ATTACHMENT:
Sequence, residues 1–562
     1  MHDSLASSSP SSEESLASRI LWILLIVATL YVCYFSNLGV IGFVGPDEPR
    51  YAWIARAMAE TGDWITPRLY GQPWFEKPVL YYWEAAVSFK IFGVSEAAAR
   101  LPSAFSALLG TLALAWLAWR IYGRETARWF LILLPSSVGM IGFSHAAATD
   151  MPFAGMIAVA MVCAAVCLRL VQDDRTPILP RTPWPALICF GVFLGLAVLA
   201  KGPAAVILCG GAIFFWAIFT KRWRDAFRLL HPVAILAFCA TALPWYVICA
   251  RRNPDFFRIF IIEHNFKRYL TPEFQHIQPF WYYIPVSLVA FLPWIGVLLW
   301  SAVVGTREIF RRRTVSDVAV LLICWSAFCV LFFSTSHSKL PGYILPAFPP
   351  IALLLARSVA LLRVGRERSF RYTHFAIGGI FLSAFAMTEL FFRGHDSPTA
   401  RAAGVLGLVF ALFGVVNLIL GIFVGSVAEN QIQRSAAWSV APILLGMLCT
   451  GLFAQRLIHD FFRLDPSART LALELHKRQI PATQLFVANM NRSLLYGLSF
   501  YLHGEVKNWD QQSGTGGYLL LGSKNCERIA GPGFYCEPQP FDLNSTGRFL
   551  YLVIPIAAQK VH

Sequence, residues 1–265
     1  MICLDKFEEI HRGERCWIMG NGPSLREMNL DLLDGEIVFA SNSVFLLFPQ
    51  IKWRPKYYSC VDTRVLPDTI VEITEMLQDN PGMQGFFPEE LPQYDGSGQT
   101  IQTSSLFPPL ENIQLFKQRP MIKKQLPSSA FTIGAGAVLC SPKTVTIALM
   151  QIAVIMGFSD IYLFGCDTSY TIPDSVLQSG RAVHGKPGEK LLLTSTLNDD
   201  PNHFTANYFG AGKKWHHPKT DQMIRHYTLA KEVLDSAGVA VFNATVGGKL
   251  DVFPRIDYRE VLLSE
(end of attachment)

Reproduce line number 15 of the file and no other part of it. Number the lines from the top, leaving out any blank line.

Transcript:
     1  MICLDKFEEI HRGERCWIMG NGPSLREMNL DLLDGEIVFA SNSVFLLFPQ